Rupture framework used to upgrade three-year-old BREACH framework and hack Facebook and Gmail 500 times faster
Security researchers have expanded and improved a three-year-old cyber-attack that could steal information from websites such as Facebook and Gmail up to 500 times faster than previous attempts.
The attack, known as BREACH (Browser Reconnaissance and Exfiltration via Adaptive Compression of Hypertext) has been enhanced to run 500 times faster than the original attack. The BREACH attack was first presented at the Black Hat USA security conference in August 2013 by security researchers Angelo Prado, Neal Harris and Yoel Gluck.
However, another team of researchers, Dimitris Karakostas from the National Technical University of Athens and Dionysis Zindros from the University of Athens, have since made improvements to BREACH. In a research paper published by the pair, they showed how encryption used by popular websites can be broken despite attempts over the past three years to shut off such attacks. Karakostas and Zindros presented their BREACH optimizations at the Black Hat Asia security conference last week and also released an open-source framework called Rupture that can be used to launch such compression-related attacks.
The latest update is now more capable and can exploit encryption such as AES. A previous version of BREACH was an extension of an attack known as CRIME (Compression Ratio Info-leak Made Easy), which used compressed encrypted internet requests against users.
In the paper, the researchers showed how Rupture makes these attacks much easier and can be used to read Gmail and Facebook messages.
The duo told The Register that launching an attack is no child’s play, as it would take weeks to successfully compromise a target.
“I think with the interaction of Rupture, once people start writing target configurations for specific endpoints it is going to be much easier because it will lower the complexity of the attack,” Zindros says.
“If you want to use Rupture to target an endpoint you need to study it for a bit, how it behaves, how it compresses things, if there is noise, and configure it to make it work … to steal a Gmail email or a Facebook message.
“Rupture is the implementation of our ideas, our optimisation techniques, our statistical techniques, and is not proof-of-concept – it is ready to run on real systems.”
The attack assumes that a target website uses HTTPS and compresses the response in plaintext. It also assumes that a target website uses stream ciphers and has zero noise, but the researchers added that block ciphers, such as AES, are most commonly used but BREACH could now attack block ciphers and “render the vast majority of websites practically vulnerable to the attack”.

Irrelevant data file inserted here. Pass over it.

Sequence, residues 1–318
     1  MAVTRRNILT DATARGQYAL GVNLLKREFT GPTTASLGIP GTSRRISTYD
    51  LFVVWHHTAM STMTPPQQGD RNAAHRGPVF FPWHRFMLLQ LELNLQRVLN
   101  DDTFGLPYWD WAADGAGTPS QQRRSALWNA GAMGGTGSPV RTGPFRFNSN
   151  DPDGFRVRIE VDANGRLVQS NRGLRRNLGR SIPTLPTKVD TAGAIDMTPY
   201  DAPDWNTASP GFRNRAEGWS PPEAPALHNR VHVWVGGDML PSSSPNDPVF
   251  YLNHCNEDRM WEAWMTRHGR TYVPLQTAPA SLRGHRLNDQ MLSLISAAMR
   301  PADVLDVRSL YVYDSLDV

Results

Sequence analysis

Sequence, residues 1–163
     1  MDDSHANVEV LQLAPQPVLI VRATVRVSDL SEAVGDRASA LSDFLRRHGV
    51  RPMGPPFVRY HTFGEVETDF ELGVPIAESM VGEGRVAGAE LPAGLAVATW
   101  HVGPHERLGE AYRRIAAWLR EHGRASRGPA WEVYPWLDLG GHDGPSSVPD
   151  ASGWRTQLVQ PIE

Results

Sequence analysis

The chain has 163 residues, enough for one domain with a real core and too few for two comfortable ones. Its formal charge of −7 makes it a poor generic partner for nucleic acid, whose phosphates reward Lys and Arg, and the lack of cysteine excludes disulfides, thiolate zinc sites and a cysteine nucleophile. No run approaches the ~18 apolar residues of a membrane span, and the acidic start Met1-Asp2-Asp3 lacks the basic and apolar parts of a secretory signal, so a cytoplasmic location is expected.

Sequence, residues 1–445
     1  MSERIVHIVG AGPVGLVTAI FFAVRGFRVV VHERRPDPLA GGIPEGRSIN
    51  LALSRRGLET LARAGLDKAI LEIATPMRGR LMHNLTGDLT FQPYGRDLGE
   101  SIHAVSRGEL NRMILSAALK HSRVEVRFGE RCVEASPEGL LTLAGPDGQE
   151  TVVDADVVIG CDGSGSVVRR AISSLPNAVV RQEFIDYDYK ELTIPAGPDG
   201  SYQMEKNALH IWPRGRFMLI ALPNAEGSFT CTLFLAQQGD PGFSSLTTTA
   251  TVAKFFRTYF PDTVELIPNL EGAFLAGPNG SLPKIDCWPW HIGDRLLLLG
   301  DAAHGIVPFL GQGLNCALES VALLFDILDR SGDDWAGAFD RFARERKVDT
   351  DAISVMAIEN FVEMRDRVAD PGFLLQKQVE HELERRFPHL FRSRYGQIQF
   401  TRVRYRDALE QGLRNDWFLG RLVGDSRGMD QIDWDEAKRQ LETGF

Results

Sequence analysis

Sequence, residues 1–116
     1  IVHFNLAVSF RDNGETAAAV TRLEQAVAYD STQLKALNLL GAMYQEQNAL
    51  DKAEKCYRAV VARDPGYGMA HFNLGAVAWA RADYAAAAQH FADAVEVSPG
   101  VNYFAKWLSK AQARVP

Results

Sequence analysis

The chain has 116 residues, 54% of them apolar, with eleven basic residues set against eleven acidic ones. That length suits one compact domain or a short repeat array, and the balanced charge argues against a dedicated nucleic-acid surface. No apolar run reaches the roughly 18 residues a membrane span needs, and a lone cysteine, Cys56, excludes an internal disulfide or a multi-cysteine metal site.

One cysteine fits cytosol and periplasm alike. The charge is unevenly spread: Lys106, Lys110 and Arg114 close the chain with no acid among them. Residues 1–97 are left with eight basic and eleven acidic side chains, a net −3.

An attacker is able to inject code to the victim’s machine for execution to gain control of a network. This code can issue adaptive requests to the target service.
According to the researchers, two services where the findings are applicable are Gmail and Facebook as both services use AES and uncover noisy endpoints.
“Gmail uses an authentication token, which consists of random digits, letters, and dashes, generated every time the user logs into the account. The fact that it does not change very often is convenient because it allows the attacker to collect multiple samples for this secret,” said the researchers.
They added that there are more ways in than these tokens even though Facebook has launched a mechanism to specially stop BREACH against its CSRF.
“It provides a mobile version, Touch, that allows search on messages via GET, using the following URL https://touch.facebook.com/messages?q=”search_string”. This search query is reflected in the search results page, along with the last message of the 5 latest conversations, regardless of the search results. Instead of stealing the user’s CSRF token, we can, therefore, steal one of these private messages.”
It is the introduction of Rupture that speeds up the attack.
“With Rupture, our aim was to make it easier to mount such attacks and provide reasonable pre-configured defaults, targets, and attack strategies that can be used in practice or modified to suit the need of new attacks. The framework is designed specifically to allow for further investigations on both the practical and theoretical side,” the researchers wrote in the paper.
By using first-party cookies, the attacks could be eliminated. “The feasibility of the attack lies on the fact that the attacker can utilise the target service as a compression oracle and retrieve encrypted compressed secrets along with chosen plaintext data,” said the researchers.